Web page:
The five types of schizophrenia are paranoid schizophrenia, disorganized schizophrenia, catatonic schizophrenia, residual schizophrenia and schizoaffective disorder, according to Mental Health America. Although related, each category of the disease presents a varying array of symptoms.
All types of schizophrenia fit certain behavior patterns, according to Mental Health America. Schizophrenia displays positive symptoms, which are "added" to one's personality, such as paranoia, hallucinations and disordered speech, as well as negative symptoms, which are "lost" from one's personality, such as social withdrawal, apathy and emotional unresponsiveness. Those who fall into one of the five types of schizophrenia generally exhibit some, but not necessarily all, of these symptoms.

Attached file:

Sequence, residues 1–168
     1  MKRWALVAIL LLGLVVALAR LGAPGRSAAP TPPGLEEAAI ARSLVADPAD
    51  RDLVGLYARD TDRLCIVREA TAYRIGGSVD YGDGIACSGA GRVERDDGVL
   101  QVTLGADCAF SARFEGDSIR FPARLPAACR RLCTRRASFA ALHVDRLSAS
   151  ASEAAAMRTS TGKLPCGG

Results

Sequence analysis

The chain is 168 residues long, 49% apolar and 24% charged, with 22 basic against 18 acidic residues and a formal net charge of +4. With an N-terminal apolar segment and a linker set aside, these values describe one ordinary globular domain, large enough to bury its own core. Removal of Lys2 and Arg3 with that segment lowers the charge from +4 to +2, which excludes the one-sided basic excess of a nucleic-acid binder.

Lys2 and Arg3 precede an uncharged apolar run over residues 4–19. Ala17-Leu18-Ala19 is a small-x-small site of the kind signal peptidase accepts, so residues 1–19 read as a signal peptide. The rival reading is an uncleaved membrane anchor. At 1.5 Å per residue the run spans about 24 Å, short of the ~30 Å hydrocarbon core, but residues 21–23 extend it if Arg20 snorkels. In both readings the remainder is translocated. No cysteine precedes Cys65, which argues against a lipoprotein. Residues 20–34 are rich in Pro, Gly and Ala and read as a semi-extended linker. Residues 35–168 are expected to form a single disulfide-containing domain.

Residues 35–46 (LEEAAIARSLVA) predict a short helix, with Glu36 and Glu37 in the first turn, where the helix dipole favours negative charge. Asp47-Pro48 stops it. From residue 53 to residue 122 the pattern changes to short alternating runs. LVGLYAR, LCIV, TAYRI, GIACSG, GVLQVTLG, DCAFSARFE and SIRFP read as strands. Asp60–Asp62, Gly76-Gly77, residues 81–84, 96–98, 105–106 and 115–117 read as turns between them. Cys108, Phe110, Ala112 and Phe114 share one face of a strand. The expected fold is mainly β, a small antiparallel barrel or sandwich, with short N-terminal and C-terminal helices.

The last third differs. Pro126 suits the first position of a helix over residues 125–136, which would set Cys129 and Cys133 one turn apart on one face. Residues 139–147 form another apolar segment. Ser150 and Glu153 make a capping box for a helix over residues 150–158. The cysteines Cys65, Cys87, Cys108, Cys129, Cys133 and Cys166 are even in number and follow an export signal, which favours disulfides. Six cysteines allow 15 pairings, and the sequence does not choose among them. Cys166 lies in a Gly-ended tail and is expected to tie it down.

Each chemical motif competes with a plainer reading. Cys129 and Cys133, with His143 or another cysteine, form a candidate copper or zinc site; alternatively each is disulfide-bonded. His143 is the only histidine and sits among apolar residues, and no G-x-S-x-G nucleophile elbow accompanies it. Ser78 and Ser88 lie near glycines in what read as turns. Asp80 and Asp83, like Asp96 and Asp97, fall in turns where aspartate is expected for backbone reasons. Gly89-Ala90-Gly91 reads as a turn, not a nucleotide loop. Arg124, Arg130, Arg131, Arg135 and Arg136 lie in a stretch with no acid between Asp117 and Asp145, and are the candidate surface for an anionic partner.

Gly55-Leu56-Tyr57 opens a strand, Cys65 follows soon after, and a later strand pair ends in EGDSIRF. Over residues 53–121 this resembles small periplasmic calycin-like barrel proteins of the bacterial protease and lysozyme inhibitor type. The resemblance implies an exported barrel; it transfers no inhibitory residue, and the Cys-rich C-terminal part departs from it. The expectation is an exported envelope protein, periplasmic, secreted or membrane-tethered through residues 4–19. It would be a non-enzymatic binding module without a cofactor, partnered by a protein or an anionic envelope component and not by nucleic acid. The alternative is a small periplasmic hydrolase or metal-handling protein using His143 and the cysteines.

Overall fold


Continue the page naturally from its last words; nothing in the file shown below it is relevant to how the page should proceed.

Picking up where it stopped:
Paranoia schizophrenia is characterized by extreme paranoid delusions, suspicions and grandiose thinking, as stated by Mental Health America. Catatonic schizophrenia, on the other hand, shows symptoms such as social withdrawal, an unwillingness to speak or communicate, and unusual body positions, but does not often include delusions or paranoia. Disorganized schizophrenics often behave erratically and are often incoherent in both thought and speech. Residual schizophrenia is a diagnosis given to individuals who no longer show symptoms such as hallucinations and delusions but have no interest in continuing on with a normal life. Lastly, schizoaffective disorder patients suffer from both schizophrenia and a significant and disabling mood disorder, such as depression or bipolar disorder.
Schizophrenia treatments vary from person to person and can include behavioral therapy, hospital stays and medication, according to Mental Health America.